Working Through Our Implicit Biases

by Tessa Charlesworth, for Leadership 2020 (copyright)

I research implicit intergroup biases and prejudices across the age span, and yet every day I experience at least one moment where my own biases trump my well-meaning conscious efforts. I am prone to negative self-stereotyping because of my gender, because of my age, because of my image, yet I am also sadly prone to stereotyping others because of their gender, race, age, or culture. How is that I can know so much about my biases and yet still be shocked by their presence? That is, in fact, the scary thing about implicit biases – by their very nature, implicit biases are outside the realm of easy cognitive control and therefore remain in our “blind spots”.

Such a depressing perspective of the “perennial implicit bias” would seem to suggest that we could never be wholly tolerant individuals, equal in our acceptance of all groups and social categories. In some senses, this may be the case: our brains seem to be wired to express “out-group” threat responses in evolutionarily old brain regions like the amygdala; and early implicit biases are strongly predictive of biases and discrimination across the lifespan. Thankfully, however, the fact that our implicit biases are pervasive does not mean that they dominate our cognitions or behaviours, nor does it mean that they are entirely static.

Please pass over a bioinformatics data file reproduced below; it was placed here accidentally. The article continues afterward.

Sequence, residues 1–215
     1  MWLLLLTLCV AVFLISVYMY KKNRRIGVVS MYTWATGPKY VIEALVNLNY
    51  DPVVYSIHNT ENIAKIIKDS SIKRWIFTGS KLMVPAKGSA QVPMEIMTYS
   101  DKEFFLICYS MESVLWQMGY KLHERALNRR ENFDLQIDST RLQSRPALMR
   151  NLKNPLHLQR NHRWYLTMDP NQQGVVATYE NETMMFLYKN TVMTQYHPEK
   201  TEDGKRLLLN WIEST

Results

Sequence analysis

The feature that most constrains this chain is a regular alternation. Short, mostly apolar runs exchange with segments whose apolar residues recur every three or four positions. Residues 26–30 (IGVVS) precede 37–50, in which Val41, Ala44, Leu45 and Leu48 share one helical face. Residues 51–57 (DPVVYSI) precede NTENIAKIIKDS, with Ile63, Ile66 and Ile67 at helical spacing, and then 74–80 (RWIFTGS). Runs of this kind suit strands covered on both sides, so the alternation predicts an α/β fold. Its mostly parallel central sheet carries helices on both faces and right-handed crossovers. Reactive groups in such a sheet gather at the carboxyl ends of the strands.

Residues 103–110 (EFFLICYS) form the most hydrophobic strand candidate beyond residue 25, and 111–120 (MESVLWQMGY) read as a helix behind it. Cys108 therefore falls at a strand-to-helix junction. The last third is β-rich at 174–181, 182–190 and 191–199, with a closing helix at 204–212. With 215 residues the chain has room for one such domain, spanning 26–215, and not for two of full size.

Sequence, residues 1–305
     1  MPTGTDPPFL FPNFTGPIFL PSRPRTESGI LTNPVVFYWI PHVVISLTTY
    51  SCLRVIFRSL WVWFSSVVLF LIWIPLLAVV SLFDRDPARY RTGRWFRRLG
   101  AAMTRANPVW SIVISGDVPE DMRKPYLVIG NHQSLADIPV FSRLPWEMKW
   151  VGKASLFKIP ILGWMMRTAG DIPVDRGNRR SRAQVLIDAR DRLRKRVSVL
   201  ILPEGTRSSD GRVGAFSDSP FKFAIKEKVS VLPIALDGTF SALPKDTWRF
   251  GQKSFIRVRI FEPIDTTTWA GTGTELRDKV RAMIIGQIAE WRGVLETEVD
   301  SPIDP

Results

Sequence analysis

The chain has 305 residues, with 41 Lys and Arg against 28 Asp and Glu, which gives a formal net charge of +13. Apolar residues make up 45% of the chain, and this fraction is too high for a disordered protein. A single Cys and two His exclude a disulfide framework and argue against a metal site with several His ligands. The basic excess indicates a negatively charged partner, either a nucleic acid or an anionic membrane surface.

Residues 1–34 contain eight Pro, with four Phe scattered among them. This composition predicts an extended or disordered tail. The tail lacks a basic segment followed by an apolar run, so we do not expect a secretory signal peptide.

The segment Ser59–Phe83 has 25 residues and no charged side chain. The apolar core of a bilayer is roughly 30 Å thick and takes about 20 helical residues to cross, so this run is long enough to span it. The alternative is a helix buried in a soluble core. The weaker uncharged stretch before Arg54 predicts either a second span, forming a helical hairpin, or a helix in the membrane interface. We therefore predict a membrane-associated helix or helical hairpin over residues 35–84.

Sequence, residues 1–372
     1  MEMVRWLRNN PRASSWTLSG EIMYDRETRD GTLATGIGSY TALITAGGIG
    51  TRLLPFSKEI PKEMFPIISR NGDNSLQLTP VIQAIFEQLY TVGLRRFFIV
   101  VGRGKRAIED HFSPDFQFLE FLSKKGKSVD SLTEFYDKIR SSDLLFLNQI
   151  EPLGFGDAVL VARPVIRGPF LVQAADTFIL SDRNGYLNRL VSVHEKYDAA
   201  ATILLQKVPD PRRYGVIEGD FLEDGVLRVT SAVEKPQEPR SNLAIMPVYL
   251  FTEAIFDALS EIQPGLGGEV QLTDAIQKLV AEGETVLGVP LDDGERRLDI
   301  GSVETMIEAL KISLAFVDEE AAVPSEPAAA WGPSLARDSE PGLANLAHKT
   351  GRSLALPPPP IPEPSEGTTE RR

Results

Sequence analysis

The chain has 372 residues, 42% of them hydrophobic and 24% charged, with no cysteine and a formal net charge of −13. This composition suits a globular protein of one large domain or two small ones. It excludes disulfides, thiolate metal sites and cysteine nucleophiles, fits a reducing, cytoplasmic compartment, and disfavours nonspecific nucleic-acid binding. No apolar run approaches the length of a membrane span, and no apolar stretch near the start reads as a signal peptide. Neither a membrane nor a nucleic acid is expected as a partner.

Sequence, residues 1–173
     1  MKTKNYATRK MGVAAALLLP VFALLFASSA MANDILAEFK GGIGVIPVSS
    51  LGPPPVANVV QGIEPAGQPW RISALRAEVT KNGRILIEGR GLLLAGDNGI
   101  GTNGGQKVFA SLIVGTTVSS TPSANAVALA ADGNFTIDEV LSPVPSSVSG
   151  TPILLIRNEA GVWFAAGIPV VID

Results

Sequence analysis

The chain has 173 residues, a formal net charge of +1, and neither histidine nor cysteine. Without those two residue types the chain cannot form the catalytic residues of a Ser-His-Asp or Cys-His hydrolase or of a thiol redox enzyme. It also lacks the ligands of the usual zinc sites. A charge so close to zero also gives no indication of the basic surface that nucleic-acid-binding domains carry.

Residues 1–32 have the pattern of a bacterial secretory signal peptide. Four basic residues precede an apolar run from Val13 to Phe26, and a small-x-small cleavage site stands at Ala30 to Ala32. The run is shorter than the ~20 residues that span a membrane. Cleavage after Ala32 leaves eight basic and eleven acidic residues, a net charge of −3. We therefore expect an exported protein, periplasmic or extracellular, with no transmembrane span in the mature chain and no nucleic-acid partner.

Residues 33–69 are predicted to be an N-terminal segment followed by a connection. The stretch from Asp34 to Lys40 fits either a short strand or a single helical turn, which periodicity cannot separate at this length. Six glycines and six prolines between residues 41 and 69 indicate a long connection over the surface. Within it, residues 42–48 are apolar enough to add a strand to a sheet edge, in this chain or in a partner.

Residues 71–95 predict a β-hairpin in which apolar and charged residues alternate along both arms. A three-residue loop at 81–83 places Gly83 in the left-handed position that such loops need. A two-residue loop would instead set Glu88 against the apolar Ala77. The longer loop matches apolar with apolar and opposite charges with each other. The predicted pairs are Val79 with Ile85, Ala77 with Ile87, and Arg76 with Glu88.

This brief essay will consider how we can reduce, or more appropriately “work through”, our implicit biases. It is not about suppressing, erasing, or eradicating your biases out of shame and embarrassment. Rather, it is about monitoring, evaluating, and updating your assumptions and beliefs about another individual, group, or culture, with the ultimate goal of engaging in mindful intergroup knowledge-sharing and friendships. This is part of Leadership 2020’s aim to enhance cultural agility and humility.

In the early 2000s, amidst the global conflicts peaking after the 9/11 attacks and “wars on terror”, Ang and colleagues (2003, 2011) proposed a theory of “cultural intelligence” in order to account for individual differences in cultural competency, flexibility, and intercultural success. Within their framework of cultural intelligence, the authors suggested a central linking element of “cultural metacognition” (CM) which involves: (1) awareness of cultural assumptions; (2) monitoring and updating those assumptions before, during, and after cross-cultural interactions; and (3) planning for future interactions. Although it speaks explicitly to how we are able to ensure positive contact and efficacy across cultural differences, it can be extended to include efficacy across a wide variety of differences (based on income, job, age, gender, race, etc.). In fact, the “metacognitive” abilities implied by CM can also be seen as general abilities in mindfulness and awareness.

Following the conceptualization of CM, numerous authors began to investigate the mechanism of how CM leads to cross-cultural success (including in negotiation, adaptability, and creative collaboration). One of the more convincing proposed mechanisms was that of “affect-based trust”, or the feelings of reciprocity and mutuality between two groups or individuals. Specifically, a team of researchers from Harvard and Columbia Business Schools led by Roy Chua found that the power of CM “flowed through” affective trust. Without both affect-based trust and CM, cross-cultural teams showed poor creative collaboration success.